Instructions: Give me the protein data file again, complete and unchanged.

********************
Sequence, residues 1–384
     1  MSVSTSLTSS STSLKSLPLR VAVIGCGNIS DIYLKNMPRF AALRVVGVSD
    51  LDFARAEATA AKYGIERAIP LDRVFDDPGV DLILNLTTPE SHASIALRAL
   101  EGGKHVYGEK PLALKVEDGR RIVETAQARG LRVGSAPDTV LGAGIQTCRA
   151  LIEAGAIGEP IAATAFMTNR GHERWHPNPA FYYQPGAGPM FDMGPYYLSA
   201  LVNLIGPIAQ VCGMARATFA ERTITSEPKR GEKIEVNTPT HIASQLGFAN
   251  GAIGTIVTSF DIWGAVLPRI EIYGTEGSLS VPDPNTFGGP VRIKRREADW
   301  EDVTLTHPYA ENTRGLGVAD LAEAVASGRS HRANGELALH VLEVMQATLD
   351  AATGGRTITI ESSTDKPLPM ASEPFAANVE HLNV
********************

Sequence, residues 1–384
     1  MSVSTSLTSS STSLKSLPLR VAVIGCGNIS DIYLKNMPRF AALRVVGVSD
    51  LDFARAEATA AKYGIERAIP LDRVFDDPGV DLILNLTTPE SHASIALRAL
   101  EGGKHVYGEK PLALKVEDGR RIVETAQARG LRVGSAPDTV LGAGIQTCRA
   151  LIEAGAIGEP IAATAFMTNR GHERWHPNPA FYYQPGAGPM FDMGPYYLSA
   201  LVNLIGPIAQ VCGMARATFA ERTITSEPKR GEKIEVNTPT HIASQLGFAN
   251  GAIGTIVTSF DIWGAVLPRI EIYGTEGSLS VPDPNTFGGP VRIKRREADW
   301  EDVTLTHPYA ENTRGLGVAD LAEAVASGRS HRANGELALH VLEVMQATLD
   351  AATGGRTITI ESSTDKPLPM ASEPFAANVE HLNV